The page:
But I think what's really resonated with the stakeholders and was one of our initial, you know, objectives, was to really target the low- to moderate-income homeowners, right? Because those are the ones that are highly marginalized, don't have access to capital or when they get access to capital, they either end up with predatory loans, right? Which sometimes they can't afford. And it doesn't lead to wealth creation, it actually leads more to wealth destruction. Right. So it kind of puts them in a worse place also. So I think being able to show part of that and when we look at things like homeownership, where essentially like almost 98% of the borrowers made, you know, less than 80% of the area's median income.

Right. And then all of, you know, 100% of all affordable housing units, about 2,300 of them, they're all you know, when you look at the make up, it's very low- to moderate-income. So making a difference on that end. And so those are some of the things that we focused on telling the stories. And then the feedback has been, you know, “I'm glad we did this, looks like we're making great, great strides.”

And then we also are being able to demonstrate, you know, quite a bit as to, you know, wealth creation. How much wealth are people creating? The borrower is creating, especially from a homeownership perspective. And, you know, there was a report that was put out, I think, you know, just a couple of months ago just showing that two years, two plus years that we've had this program in place or this fund in place, it's returned on average about, you know, almost $86,000-$87,000 for each homeowner.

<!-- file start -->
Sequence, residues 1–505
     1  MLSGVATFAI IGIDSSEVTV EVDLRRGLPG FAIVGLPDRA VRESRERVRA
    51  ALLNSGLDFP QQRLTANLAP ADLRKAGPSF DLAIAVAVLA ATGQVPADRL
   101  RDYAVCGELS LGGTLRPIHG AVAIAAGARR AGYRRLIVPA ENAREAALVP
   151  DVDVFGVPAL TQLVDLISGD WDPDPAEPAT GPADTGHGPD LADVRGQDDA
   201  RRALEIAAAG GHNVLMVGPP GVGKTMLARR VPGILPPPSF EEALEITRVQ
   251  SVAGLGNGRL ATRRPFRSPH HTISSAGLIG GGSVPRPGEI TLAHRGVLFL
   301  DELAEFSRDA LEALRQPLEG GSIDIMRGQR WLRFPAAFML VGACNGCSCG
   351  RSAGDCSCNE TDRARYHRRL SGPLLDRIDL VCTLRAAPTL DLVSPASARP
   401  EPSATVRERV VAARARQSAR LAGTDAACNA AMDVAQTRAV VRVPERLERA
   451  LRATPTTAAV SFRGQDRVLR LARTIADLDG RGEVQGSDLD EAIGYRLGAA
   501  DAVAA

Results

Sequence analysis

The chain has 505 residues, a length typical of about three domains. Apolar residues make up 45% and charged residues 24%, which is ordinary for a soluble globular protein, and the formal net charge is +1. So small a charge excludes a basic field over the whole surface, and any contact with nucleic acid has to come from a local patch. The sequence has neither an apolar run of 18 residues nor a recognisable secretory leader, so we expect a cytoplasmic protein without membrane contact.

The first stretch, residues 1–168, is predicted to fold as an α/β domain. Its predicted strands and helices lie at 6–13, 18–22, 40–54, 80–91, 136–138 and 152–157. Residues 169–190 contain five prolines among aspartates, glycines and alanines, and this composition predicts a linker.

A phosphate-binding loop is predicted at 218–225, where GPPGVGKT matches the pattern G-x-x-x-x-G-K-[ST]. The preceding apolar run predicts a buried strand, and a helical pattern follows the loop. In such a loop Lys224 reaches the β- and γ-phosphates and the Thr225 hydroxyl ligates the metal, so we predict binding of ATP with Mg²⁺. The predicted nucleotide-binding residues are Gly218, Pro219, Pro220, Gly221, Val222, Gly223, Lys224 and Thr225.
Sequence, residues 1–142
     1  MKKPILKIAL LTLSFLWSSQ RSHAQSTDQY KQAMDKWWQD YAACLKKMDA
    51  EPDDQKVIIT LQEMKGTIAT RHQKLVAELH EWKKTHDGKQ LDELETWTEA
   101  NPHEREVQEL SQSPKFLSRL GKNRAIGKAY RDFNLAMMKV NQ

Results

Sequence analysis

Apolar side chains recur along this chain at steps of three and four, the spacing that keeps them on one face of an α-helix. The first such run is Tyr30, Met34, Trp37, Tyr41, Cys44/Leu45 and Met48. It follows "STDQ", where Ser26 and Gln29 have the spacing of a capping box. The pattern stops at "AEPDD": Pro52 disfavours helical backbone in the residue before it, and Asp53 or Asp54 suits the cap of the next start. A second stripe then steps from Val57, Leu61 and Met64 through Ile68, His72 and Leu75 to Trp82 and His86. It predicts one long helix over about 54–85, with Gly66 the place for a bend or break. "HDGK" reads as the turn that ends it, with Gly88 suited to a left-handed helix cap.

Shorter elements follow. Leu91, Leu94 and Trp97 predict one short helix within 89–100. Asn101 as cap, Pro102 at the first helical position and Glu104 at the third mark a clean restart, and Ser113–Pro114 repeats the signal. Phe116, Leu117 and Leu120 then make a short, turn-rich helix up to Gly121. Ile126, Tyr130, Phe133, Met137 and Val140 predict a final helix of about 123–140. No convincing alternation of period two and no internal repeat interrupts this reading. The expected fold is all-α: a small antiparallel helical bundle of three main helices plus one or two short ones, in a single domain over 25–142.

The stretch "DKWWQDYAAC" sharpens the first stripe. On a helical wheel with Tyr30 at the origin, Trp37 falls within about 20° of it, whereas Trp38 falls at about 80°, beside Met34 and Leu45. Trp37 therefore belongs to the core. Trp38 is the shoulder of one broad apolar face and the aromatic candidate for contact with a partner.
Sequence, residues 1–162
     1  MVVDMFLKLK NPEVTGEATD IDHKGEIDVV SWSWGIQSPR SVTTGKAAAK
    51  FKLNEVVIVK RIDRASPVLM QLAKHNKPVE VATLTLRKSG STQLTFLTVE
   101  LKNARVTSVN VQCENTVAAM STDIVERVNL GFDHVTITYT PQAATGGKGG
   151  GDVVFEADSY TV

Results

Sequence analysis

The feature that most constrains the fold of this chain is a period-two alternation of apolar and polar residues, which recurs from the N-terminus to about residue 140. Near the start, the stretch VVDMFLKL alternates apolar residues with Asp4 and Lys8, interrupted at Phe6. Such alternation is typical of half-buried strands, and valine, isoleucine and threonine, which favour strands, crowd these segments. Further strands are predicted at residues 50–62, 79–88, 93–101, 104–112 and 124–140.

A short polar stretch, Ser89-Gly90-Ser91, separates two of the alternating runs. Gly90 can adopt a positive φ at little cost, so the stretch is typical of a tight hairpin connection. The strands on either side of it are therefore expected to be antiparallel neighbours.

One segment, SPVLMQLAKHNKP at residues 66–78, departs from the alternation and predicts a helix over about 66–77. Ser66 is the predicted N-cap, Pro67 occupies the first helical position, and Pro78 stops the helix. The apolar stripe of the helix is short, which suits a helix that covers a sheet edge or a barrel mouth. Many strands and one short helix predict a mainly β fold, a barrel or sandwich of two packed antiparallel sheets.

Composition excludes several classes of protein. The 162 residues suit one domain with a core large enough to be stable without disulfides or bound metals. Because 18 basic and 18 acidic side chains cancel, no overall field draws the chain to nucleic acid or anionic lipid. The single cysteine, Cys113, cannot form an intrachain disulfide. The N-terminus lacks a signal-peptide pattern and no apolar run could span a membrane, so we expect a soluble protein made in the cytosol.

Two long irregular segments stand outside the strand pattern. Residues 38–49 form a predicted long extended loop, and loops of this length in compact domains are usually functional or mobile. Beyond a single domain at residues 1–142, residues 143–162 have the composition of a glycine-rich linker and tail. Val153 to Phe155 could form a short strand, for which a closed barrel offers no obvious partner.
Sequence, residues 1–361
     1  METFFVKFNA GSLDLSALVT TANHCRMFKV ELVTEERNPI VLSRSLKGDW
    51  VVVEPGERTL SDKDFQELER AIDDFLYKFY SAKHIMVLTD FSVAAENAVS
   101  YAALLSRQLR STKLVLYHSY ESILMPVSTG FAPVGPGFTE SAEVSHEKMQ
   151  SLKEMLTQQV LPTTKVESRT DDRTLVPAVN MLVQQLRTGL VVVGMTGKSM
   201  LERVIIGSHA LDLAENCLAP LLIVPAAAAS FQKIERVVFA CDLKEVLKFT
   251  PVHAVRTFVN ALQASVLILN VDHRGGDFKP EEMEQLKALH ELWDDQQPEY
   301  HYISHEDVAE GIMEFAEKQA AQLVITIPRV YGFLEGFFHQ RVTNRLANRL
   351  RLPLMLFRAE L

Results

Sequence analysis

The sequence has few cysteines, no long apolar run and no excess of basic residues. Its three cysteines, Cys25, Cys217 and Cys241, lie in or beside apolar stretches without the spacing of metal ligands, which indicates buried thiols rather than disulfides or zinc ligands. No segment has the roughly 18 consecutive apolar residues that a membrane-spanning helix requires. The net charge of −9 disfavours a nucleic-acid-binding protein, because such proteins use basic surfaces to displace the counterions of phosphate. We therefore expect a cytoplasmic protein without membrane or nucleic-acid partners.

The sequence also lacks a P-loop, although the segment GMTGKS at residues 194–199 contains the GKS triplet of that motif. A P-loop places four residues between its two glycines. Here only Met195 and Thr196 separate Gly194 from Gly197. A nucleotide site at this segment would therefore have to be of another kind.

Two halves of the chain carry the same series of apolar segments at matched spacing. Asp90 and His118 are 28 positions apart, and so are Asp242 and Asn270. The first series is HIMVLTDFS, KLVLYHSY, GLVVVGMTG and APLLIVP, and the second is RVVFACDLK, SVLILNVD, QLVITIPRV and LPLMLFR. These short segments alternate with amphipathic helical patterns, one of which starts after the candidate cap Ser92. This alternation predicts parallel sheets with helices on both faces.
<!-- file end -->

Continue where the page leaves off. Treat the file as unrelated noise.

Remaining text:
Right. So they've built about 20% equity. And when I do the math in my head with about 360 mortgages, that's about $30 million in wealth creation. So being able to demonstrate that we’re actually having this impact has really solidified the support around the fund itself.

That's really compelling. And you mentioned the stories. I mean, the stories are really the proof, they’re the throughput of this portfolio to show that you actually are aligning balance sheet assets with those goals in a tangible way. Are there other specific stories that have resonated with you?

Yeah. So there's one small business in southern California and his name is Dan Lyons. And so he's you know, he'd been a pharmacist, he was a third-generation pharmacist in a family. This was in 2020 and he had just opened his own pharmacy. And that, like you said in the beginning, this was right at the beginning of COVID and so he is just starting this business. So he was just using a lot of his own capital to fund his new business.